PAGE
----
Spanish banks 1, Spanish mortgages 0

April 24, 2012

The trillion euros lent out by the European Central Bank for three years at a rock bottom interest rates were supposed to do two things –  throw a comfort blanket around Europe’s wobbly banks and pump money into  moribund economies. Some new data from struggling Spain confirms that while there may be a bit of a case for the former, the latter is still falling short.

Mortgage lending by Spanish banks  had their largest annual drop in more than six years in February – coming in at essentially half of what they were a year earlier. There are all kinds of reasons for this, not the least being that large numbers of Spaniards are out of work and house prices are still tumbling with at least one estimate being that they remain as much as 30 percent overvalued.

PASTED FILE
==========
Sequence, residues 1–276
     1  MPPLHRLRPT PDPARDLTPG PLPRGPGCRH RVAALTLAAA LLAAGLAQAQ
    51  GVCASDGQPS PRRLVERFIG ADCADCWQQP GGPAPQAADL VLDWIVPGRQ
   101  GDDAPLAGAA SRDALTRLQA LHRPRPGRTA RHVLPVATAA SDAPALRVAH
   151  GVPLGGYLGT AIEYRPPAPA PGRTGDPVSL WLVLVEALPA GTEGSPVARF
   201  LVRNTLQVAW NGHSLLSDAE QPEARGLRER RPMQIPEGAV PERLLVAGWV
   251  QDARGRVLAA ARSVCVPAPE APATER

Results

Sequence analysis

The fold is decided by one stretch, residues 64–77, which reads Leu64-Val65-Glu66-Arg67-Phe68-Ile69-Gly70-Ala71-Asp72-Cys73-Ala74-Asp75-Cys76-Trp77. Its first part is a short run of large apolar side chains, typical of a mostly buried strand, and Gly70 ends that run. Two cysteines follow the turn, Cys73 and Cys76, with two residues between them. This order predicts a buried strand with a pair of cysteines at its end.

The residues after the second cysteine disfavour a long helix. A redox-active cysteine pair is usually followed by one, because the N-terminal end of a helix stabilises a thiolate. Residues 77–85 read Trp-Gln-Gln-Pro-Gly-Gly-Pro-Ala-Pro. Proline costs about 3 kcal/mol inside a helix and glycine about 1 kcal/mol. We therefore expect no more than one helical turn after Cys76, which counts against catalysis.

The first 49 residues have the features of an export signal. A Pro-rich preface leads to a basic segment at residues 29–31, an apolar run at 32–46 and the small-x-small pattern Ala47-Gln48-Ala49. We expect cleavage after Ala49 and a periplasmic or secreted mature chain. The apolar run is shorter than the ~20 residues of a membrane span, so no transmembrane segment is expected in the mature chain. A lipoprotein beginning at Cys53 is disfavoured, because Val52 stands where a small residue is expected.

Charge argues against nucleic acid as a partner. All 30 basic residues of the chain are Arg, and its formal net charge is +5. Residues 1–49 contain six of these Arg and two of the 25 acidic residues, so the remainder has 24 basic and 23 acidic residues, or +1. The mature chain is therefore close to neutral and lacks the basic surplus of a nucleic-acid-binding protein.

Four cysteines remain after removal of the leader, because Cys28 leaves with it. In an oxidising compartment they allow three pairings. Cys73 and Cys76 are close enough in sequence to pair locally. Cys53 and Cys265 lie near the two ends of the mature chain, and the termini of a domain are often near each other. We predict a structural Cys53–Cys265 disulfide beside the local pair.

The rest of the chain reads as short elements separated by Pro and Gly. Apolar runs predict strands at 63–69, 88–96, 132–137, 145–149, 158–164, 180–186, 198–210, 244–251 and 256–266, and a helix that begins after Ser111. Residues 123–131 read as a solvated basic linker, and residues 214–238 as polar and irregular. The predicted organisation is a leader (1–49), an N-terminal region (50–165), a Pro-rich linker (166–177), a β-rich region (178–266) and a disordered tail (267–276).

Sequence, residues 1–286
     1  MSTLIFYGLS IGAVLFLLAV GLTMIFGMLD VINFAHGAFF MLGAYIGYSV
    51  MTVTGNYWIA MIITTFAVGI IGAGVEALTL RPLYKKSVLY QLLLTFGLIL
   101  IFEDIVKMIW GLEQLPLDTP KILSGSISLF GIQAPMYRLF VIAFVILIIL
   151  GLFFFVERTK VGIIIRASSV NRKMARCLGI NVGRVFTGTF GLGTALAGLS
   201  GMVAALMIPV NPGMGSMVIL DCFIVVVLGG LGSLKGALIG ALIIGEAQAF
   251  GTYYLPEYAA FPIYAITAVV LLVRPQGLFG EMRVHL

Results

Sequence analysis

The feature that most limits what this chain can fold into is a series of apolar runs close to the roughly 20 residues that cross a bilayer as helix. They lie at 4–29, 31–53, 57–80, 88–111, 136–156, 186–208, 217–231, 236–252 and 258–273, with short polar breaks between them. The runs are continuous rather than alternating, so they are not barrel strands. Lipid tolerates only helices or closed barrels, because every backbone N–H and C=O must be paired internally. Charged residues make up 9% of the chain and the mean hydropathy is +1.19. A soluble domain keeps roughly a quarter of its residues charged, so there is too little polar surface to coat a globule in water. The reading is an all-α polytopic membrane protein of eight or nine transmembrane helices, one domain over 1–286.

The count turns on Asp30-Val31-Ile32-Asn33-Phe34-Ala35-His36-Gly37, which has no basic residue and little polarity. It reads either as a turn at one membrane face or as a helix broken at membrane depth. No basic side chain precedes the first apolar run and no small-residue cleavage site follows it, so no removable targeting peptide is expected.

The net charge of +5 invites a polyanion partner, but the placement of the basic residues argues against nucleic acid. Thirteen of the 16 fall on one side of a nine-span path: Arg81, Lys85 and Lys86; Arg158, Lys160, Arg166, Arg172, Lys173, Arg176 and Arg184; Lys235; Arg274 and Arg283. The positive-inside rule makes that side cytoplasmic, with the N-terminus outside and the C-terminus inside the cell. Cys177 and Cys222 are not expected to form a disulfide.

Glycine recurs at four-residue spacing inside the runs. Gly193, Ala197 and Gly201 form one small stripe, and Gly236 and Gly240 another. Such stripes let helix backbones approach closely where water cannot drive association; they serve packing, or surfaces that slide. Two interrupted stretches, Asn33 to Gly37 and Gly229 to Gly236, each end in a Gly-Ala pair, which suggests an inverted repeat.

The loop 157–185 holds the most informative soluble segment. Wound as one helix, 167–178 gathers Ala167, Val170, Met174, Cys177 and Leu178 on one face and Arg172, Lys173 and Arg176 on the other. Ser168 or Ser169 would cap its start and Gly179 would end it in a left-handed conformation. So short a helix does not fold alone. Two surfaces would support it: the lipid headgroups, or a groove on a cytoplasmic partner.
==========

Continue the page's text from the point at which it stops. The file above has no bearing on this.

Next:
But given that Spanish lenders were among the biggest taker of the ECB’s largesse  (officially known as  LTROs, a name only a central banker’s mother could love) the lack of trickle down  is less than bracing.  The suspicion is that Spain’s banks are holding back on lending because of their wonky balance sheets, which is of course a good thing in itself it it keeps the financial system on its feet.

This  would fit with data from the ECB itself showing banks in general are so flush with money they don’t know what to do with it.  Tuesday’s  ECB’s overnight deposit facility showed banks parking 768 billion euros there. In normal times the amounts are minimal.

So while the money may be helping bank’s rebuild their  balance sheets (Goal 1),  it is not yet getting into the general economy (Goal 0).

Just ask a  Spanish home buyer.

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